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Open AccessArticle
Drawback in the Change Detection Approach: False Detection during the 2018 Western Japan Floods
Remote Sens. 2019, 11(19), 2320; https://doi.org/10.3390/rs11192320 - 05 Oct 2019
Abstract
Synthetic aperture radar (SAR) images have been used to map flooded areas with great success. Flooded areas are often identified by detecting changes between a pair of images recorded before and after a certain flood. During the 2018 Western Japan Floods, the change [...] Read more.
Synthetic aperture radar (SAR) images have been used to map flooded areas with great success. Flooded areas are often identified by detecting changes between a pair of images recorded before and after a certain flood. During the 2018 Western Japan Floods, the change detection method generated significant misclassifications for agricultural targets. To evaluate whether such a situation could be repeated in future events, this paper examines and identifies the causes of the misclassifications. We concluded that the errors occurred because of the following. (i) The use of only a single pair of SAR images from before and after the floods. (ii) The unawareness of the dynamics of the backscattering intensity through time in agricultural areas. (iii) The effect of the wavelength on agricultural targets. Furthermore, it is highly probable that such conditions might occur in future events. Our conclusions are supported by a field survey of 35 paddy fields located within the misclassified area and the analysis of Sentinel-1 time series data. In addition, in this paper, we propose a new parameter, which we named “conditional coherence”, that can be of help to overcome the referred issue. The new parameter is based on the physical mechanism of the backscattering on flooded and non-flooded agricultural targets. The performance of the conditional coherence as an input of discriminant functions to identify flooded and non-flooded agricultural targets is reported as well. Full article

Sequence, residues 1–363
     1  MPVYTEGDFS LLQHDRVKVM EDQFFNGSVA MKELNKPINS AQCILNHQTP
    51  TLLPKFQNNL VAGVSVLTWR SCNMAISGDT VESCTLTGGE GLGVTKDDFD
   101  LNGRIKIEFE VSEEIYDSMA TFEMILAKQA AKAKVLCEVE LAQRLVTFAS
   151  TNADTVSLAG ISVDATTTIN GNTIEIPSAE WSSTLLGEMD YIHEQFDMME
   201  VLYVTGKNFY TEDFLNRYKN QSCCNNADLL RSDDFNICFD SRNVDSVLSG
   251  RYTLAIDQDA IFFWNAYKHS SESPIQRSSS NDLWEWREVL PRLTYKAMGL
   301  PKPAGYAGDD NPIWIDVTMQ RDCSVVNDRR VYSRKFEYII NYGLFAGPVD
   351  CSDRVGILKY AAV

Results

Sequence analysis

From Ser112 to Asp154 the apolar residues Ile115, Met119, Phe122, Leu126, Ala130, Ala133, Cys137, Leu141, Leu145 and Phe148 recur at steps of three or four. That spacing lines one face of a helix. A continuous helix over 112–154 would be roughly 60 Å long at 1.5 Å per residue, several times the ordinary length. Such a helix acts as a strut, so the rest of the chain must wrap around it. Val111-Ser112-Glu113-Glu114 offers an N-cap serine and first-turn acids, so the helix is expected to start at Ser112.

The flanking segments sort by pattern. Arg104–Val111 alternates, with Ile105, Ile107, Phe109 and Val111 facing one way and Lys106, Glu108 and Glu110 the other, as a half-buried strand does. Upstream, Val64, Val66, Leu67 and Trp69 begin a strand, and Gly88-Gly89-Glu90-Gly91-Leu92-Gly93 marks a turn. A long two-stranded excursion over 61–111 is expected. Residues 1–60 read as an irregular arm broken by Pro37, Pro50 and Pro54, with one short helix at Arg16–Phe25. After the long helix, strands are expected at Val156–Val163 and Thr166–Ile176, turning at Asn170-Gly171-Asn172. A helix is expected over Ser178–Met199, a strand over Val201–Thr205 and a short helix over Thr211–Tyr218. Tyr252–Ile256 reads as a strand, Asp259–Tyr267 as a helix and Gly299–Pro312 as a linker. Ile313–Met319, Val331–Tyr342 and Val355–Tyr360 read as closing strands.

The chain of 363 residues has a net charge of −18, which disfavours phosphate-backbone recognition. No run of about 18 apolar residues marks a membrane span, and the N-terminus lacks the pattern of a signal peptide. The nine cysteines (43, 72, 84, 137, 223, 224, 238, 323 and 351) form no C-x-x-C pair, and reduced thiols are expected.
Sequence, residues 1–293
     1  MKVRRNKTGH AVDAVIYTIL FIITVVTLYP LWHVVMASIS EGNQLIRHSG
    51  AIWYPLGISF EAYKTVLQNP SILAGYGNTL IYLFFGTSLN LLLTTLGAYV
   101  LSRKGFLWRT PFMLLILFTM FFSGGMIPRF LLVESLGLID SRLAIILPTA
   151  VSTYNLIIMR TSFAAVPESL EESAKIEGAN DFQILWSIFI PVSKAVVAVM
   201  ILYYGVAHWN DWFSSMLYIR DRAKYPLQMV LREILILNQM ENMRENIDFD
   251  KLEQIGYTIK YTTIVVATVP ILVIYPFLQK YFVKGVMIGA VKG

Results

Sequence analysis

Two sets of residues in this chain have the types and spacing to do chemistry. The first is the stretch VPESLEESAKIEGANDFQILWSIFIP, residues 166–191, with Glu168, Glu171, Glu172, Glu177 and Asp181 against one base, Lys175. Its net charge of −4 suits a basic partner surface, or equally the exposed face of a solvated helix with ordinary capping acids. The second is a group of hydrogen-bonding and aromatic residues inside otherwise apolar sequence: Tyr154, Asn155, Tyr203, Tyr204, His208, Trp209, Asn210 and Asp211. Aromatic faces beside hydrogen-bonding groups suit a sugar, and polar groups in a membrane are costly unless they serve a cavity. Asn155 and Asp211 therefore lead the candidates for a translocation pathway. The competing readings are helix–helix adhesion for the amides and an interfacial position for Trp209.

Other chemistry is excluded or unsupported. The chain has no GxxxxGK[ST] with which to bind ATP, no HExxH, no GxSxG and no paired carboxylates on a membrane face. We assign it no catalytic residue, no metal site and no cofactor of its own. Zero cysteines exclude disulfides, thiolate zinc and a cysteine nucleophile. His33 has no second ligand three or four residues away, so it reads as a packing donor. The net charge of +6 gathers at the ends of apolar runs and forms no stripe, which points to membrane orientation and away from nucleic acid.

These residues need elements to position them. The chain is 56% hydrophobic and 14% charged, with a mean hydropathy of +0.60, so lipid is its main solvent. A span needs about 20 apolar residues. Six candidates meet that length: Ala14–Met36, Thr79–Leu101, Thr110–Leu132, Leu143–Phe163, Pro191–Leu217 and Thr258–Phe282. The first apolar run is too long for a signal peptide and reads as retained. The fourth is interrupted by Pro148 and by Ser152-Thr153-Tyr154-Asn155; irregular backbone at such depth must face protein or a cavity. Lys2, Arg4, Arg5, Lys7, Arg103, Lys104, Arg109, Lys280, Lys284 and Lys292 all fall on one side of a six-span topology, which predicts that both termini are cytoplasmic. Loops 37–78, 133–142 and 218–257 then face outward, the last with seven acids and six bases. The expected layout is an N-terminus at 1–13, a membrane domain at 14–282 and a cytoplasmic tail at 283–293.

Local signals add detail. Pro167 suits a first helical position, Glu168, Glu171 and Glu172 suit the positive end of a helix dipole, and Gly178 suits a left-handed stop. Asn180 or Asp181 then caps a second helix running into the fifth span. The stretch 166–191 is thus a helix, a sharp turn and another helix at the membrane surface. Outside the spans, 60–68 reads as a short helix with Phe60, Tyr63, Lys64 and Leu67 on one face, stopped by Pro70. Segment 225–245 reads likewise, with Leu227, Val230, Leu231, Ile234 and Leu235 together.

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Open AccessArticle
Detection of Earthquake-Induced Landslides during the 2018 Kumamoto Earthquake Using Multitemporal Airborne Lidar Data